# Measuring pulses, options for accumulate samples after trigger

I have a circuit that amplifies pulses and the goal is to measure them with a MCU's ADC in lowest possible power. The pulses width are about 100uS and I am interested about their peak amplitude.

Now I added a HW trigger (comparator) and the plan is to wake-up the MCU, do some conversions, compute peak then sleep. Particularly, I plan to use SAM21L (Atmel) which have some 5uS wake time from a idle mode (not sleep). The speed is not so important, I'll be glad if I can take 10 samples, so 1 at 10uS.

The problem is that I don't know if MCU approach can be realistic, since most of them wakes up quite slowly so pulse can be missed or wrong measured. As can be seen in image, from trigger to peak I have only 40uS or so.

Now I wonder what options do I have?

• use other smaller MCU only for ADC that can wake very fast
• build a sample and hold circuit
• build a precision rectifier (so sample and hold naturally)
• try a HW tiny ADC but no idea how to catch the peak (so convert and accumulate stand alone)

I'd like some opinions, thank you.

EDITED:

The GREEN trace represents (amplified) signal + some induced noise in first stage. The last stage is a non inverting DC coupled OA, with (+) forced to 0.3V reference for maximal swing to 3V3. The BLUE is my comparator reference, little above reference. The LIGHT BLUE is my comparator output which I plan to use as trigger for MCU.

The tolerance for measuring is not so tight, I just want to measure the peak. Since the MCU will consume much more compared to amplifier, the trigger is supposed to wake-up, do some burst (blind) conversions up to 100uS, then store one result as peak found.

Overall, the peaks are non-repetitive (great idea to predict) but luckily, the normal periodicity is slow, one per minute or so (particle detector). However, in practice can appear multiple pulses in bursts and I need to count them, so I presume that pulses will come next to each other.

The S&H idea or rectifier, came up in case MCU isn't able to respond fast enough.

• MSP430 can wake up from a dead sleep (nanoamps) and get up to FULL clock rate in less than $1\:\mu\textrm{s}$. Nothing else I know of can do that. Though I'd love to learn of another. EDIT: You can also consider synchronizing with software in order to "anticipate" when the next pulse will arrive. Then adjust each time based on new info collected to set the next start. Use PID control loop for this. (If this is a periodic signal that can be predicted.) – jonk Jul 16 '17 at 23:23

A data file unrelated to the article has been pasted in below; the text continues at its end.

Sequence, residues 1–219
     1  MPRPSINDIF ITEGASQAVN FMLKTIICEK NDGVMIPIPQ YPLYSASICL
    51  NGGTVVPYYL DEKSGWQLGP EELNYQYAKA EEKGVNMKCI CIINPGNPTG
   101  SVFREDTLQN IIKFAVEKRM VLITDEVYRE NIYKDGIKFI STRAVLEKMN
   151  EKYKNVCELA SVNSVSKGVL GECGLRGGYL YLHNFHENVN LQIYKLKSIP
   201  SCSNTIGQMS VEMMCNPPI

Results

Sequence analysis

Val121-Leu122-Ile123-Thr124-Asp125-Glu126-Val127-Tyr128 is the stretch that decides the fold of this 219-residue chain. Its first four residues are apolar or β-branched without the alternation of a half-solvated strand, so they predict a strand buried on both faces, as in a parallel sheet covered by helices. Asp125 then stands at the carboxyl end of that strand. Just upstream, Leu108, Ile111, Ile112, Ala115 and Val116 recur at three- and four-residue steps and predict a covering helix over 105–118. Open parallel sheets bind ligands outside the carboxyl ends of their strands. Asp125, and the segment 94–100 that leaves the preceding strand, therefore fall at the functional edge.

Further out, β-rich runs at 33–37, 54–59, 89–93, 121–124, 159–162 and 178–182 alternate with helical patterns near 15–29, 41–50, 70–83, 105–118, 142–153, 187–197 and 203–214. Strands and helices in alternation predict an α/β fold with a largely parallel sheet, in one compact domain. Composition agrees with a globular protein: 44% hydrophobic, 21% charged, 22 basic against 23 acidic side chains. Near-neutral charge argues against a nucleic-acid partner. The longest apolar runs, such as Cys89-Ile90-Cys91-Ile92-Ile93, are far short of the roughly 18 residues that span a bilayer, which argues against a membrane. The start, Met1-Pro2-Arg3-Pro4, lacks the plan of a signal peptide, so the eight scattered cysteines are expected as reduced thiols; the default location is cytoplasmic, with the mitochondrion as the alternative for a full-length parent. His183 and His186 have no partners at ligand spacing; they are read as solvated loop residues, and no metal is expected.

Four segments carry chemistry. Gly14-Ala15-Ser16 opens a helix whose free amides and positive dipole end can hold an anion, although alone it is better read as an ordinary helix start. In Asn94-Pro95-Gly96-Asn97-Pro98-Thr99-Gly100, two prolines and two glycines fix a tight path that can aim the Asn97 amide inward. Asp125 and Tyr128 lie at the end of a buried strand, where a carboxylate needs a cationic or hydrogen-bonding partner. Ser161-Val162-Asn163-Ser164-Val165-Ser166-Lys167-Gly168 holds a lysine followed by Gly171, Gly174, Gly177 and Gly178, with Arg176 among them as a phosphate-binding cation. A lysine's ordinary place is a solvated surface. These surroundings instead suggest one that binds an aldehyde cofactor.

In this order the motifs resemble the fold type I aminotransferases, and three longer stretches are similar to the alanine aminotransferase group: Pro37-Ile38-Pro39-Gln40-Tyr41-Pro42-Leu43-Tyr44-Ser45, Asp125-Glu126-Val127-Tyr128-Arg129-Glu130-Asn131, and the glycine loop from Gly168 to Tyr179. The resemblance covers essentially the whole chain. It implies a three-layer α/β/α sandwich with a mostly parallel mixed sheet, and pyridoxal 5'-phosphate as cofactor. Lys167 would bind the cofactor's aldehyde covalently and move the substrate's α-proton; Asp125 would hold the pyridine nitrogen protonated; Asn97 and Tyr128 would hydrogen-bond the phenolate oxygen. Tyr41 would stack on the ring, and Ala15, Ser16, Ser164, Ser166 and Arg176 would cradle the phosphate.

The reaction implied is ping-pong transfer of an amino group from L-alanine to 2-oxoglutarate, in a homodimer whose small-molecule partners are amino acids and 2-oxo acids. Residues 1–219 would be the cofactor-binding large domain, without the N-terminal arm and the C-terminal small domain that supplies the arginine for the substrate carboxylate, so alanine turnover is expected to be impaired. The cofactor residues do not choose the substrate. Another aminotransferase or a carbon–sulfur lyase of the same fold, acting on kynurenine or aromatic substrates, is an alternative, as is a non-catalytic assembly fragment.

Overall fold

• If all you care about is the peak, an analog peak detector maybe worthwhile. You will have to go through the math but sampling 60 us every 2 ms is a 3% dutycycle. So your effective MCU current may be say 10mA * 0.03 (ignoring nA sleep current). Alternatively you can run an analog peakdetector in the uA, wake up the MCU for one sample conversion. – sstobbe Jul 17 '17 at 3:15
• Your signal is BW limited, perhaps intentional, but this affects peak. It also appears to be AC coupled in 1st and has a DC offset in 2nd image. What is impedance of signal? Can you design an Track & Hold that works on peak during pulse detect logic, then latency is not critical. What is your tolerance spec? 1st signal grows – Tony Stewart Sunnyskyguy EE75 Jul 17 '17 at 3:48
• @jonk, I never used MSP430 but I will check the specs right now! If this is true, I never mind to change entire MCU as I am in prospecting stage. – orfruit Jul 17 '17 at 7:10
• @jonk, I would like to give you credit as answer, I found MSP430F5359 with plenty of PM, RAM with 3uS wake up time. – orfruit Jul 17 '17 at 12:57

I gather that you have a signal or way of interrupting (waking up) a CPU. The MSP430 can wake up from a dead sleep (nanoamps) and get up to a full clock rate (say, $16\:\textrm{MHz}$) in less than $1\:\mu\textrm{s}$. Nothing else I know of can do that.

I'd love to learn of another, though. So if anyone knows of one, please let me know.

They can also be purchased with FRAM, which means very low power operation and can be written to "forever" just like RAM, but with the non-volatile nature of flash. You might want to consider an FRAM version here.

As an added consideration, not necessarily related to the MSP430, you can also consider synchronizing with software in order to "anticipate" when the next pulse will arrive. Then adjust each time based on new info collected to set the next start. Use PID control loop for this. (If this is a periodic signal that can be predicted.) I do this routinely when writing zero-cross software to examine the mains power line. Each recognition of a pulse can be used to improve the prediction for the next one and, if you know an absolute minimum duration a priori, you can use that to make this work well.

• thanks again. Now despite I have few dozens programmers, I have to buy one more.. for TI :) – orfruit Jul 18 '17 at 18:57
• @YO3HCV Yeah. Me, too. I have a room full of them, including bond-out ICE systems, JTAG chain debugging tools (expensive at times), and gosh knows what else. But so far as the software tools go, there are some good ones for the MSP430. And if you can stay in assembly code, I'd recommend avoiding the other free ones and just get the IAR toolset (the tools are wonderful and the assembler is superb, as well.) If you want any more thoughts on the MSP430, just add a note here and I'll toss an idea or two your direction if I can help out. – jonk Jul 18 '17 at 19:00

1) Choose Buffer Amplifier to >1Vp range with sufficient GBW

2) Use analog switch and Comparator between (+)Vbuf and (-)Vcap with Vout to Gate (A.Sw)

• this is faster than precision rectifier Op Amp

3) Use low Iin Buffer on Cap to ADC

4) Use above 3) out to comparator using Vcap/2 as Ref and slice for Gate signal that may be used to 1shot cap reset or wake uC.